One of his first decisions was to go outside the company to recruit senior executives, rather than promote from within. That included finding someone to become chief executive officer. However, the board did not the same opinion of Waddell, whom Fortune described as 'slender and elegant Stein away from Motorola to be president Jeannette Glass Company Marks chief executive officer.

Waddell remained as chairman. Unfortunately, Stein, who also had worked at Texas Instruments, did not mesh well at Arrow.

Rob Klatell, then company attorney, later told Fortune that with Stein's background in manufacturing, he 'kept looking for a facility to manage, and all he had were these crazy salesmen running around.

InFortune declared that 'Kaufman's arrival marks the moment at which Arrow's cruelly unconventional problem came to an end. Inwith Arrow celebrating its financial and emotional recovery, Waddell told Forbes: 'Our strategic exercise for a decade has been to get position. It cost us a lot of time, money and aggravation.

Now it's time to turn our attention to cashing in on a ten year investment. The company made a major move in when Arrow purchased a 40 percent interest in Spoerle Electronic, which was already the largest distributor of electronic components in Germany. At the time, no other American electronics distributor had invested consistently in the fragmented European market, but Kaufman was convinced that Europe's internal trade barriers would fall and that Arrow could score big.

However, Arrow first had to struggle through another Arrow Electronics Company Profile in the electronics industry, which struck about the same time the company unveiled the first fully automated robotic warehouse for electronics parts distribution in Brookhaven, New York.

Waddell relinquished the role of CEO to Kaufman inalthough he remained chairman. Financial World noted, 'Although economies of scale in electronics distribution are notoriously hard to come by, the The company also acquired a 50 percent interest in Silverstar Ltd.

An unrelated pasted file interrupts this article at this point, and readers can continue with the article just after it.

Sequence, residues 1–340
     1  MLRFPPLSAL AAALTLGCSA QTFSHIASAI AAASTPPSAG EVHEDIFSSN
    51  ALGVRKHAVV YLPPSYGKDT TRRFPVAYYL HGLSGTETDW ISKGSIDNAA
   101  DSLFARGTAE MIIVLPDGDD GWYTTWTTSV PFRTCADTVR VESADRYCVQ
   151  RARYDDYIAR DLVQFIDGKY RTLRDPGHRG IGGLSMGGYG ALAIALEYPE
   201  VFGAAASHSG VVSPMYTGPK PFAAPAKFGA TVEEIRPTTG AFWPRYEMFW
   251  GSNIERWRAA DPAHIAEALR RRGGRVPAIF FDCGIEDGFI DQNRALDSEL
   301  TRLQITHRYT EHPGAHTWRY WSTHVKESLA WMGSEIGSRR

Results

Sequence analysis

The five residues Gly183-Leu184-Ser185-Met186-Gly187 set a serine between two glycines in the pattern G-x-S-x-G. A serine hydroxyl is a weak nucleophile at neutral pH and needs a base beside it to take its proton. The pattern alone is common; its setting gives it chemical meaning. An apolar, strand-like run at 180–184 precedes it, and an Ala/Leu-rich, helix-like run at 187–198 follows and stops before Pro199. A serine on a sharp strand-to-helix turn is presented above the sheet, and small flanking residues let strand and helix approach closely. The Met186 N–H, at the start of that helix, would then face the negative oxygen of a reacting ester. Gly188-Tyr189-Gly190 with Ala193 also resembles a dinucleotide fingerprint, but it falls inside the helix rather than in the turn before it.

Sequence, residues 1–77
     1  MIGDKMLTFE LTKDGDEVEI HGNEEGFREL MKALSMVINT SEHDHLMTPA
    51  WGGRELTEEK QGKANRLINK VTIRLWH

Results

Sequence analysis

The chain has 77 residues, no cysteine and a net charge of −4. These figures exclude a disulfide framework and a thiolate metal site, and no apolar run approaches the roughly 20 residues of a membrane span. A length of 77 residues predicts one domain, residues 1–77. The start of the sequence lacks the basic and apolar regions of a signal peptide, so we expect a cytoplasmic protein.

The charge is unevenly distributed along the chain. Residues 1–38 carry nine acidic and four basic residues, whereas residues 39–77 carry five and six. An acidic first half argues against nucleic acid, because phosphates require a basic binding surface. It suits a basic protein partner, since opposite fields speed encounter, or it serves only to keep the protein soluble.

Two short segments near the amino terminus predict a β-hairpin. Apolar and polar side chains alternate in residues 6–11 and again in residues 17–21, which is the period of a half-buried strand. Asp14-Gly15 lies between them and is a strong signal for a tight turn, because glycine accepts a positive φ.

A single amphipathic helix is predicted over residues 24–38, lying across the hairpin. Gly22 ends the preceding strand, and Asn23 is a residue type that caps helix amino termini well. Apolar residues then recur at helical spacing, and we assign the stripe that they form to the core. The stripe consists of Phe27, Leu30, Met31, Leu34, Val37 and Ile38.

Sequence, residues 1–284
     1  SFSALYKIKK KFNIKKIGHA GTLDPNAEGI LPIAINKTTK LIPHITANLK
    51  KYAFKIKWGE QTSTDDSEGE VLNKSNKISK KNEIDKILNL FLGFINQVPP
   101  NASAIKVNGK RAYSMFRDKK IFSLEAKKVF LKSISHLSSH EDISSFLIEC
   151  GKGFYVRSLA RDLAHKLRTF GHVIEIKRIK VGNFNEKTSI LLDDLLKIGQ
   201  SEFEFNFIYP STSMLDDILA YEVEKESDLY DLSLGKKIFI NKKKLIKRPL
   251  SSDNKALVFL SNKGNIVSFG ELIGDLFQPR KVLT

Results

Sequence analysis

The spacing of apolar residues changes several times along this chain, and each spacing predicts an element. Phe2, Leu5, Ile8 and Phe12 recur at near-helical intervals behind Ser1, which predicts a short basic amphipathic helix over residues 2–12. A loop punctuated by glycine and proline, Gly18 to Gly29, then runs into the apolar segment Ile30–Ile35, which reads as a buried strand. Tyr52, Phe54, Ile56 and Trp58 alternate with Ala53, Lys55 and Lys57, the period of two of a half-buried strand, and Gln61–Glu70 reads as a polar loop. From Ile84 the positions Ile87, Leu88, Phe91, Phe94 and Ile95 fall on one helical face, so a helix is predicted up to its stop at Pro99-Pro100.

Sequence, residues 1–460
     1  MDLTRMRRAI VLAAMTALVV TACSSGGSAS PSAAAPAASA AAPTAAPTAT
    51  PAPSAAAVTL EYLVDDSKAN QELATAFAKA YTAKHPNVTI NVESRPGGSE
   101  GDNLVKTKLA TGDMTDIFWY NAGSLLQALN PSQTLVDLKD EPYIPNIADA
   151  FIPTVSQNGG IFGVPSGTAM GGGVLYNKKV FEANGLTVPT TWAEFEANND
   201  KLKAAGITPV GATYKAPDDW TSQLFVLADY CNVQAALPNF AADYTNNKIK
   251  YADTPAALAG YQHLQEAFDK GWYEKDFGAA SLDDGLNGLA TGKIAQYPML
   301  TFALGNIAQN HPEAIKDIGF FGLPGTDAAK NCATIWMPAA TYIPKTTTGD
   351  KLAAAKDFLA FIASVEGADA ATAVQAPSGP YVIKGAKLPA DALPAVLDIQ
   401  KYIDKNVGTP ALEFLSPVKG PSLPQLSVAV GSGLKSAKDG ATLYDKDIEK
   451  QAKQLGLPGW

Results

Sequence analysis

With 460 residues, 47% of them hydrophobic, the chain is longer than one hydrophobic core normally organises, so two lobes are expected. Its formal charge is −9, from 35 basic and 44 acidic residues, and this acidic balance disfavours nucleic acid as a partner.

Arrow affiliate Spoerle acquired Lex Electronics in Germany. InArrow became the first electronics distributor to claim a global reach when it acquired Components Agents Ltd. The same year, Arrow purchased the distribution division of Zeus Components, Inc. Kaufman also became chairman of the company inwith Waddell retaining the title of vice-chairman. Although Avnet remained the largest electronics distributor in the United States, it was late entering the European market and Arrow was easily the global leader withoriginal equipment manufacturers and commercial customers around the world.

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Overview Arrow.com

A global provider of products, services, and solutions, Arrow aggregates electronic components and enterprise computing solutions for customers and suppliers in industrial and commercial markets. The company maintains a network of more than 349 locations serving over 80 countries.…